Anthem taps RPA, AI in digital transformation push

The health insurance company is using robotic process automation to balance data center workloads as part of CIO Tim Skeen’s effort to make IT operations more nimble for stakeholders.

Anthem taps RPA, AI in digital transformation push

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Robotic process automation (RPA) has become a popular go-to technology for insurance companies looking to automate data entry and replace paper shuffling. One insurance provider is embracing RPA in a different fashion: Automating computing infrastructure to free up engineers to focus on more strategic tasks.

Anthem has implemented more than 130 RPA "bots" to manage the company's data center infrastructure, says CIO Tim Skeen. The bots are a key part of Anthem's broader digital transformation to make IT more nimble for external stakeholders, including consumers, healthcare providers and employers, says Skeen, who took the reins from Tom Miller four months ago.

RPA bots are software programs that mimic human keystrokes to check records, populate online forms, and facilitate payments and other transactions. Although many classify these agents as rudimentary forms of artificial intelligence (AI), they follow business logic and routines. As AI goes, they tend to be concrete and narrowly focused.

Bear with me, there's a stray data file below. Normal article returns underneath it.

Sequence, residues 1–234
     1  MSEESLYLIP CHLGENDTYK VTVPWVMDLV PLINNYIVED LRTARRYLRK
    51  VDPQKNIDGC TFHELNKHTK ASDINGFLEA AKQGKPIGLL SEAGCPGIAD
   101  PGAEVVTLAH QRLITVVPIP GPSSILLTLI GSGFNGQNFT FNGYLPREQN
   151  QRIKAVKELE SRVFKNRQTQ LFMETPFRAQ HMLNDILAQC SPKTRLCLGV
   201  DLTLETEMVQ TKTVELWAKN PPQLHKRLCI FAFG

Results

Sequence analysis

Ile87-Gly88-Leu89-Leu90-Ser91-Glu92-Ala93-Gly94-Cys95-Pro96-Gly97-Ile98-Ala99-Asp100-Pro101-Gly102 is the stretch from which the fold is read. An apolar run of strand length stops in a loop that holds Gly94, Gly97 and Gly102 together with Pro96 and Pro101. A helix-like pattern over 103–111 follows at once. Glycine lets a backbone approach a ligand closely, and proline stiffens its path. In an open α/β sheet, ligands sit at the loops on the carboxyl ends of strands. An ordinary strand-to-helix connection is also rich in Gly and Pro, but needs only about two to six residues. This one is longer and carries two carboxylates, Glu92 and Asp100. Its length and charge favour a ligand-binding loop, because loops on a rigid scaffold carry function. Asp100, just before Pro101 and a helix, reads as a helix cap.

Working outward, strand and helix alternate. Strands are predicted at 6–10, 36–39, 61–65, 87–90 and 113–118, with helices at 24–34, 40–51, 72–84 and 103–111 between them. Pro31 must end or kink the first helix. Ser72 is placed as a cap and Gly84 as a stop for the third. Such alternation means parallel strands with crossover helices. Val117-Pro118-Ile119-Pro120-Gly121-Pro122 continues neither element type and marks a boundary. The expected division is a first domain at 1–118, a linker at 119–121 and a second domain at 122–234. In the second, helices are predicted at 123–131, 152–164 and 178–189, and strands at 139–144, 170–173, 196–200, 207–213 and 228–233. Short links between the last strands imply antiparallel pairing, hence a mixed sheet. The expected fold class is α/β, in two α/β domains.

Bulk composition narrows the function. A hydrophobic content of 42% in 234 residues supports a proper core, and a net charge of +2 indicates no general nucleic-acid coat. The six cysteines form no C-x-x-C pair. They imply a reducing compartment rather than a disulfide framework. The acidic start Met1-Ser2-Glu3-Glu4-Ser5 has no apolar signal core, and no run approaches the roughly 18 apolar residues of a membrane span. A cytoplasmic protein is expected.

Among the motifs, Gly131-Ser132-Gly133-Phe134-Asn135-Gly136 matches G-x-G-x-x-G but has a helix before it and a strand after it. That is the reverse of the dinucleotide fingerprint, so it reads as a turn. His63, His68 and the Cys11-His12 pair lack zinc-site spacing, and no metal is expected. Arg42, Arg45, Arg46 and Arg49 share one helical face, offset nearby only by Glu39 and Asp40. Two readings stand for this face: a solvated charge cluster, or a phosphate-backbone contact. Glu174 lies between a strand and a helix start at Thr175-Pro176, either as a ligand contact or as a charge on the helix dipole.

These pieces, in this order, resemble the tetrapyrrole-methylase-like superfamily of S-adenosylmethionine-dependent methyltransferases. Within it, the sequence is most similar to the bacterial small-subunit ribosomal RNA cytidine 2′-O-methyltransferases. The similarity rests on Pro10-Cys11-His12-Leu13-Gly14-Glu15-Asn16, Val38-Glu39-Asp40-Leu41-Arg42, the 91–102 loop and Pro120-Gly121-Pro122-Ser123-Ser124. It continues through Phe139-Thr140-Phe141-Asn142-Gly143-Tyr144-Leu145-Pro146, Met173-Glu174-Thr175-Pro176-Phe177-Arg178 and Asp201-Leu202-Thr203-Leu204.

However, RPA can also significantly reduce error rates for business processes, according to Deloitte Consulting partner Jeff Schwartz, who said at the CIO 100 Symposium that the consultancy is using RPA to drive efficiency into its IT service center, reducing help desk calls and visits via self-service. Several other companies, including American Express Global Business Travel, Federal Reserve Bank of Boston, Land O'Lakes and other enterprises are leveraging RPA to automate mundane business processes, including data entry for financial services.

Spending on RPA software will reach $1 billion by 2020, Gartner says, growing at a compound annual growth rate of 41 percent from 2015 through 2020. By that time, 40 percent of large enterprises will have adopted RPA software, up from less than 10 percent today.

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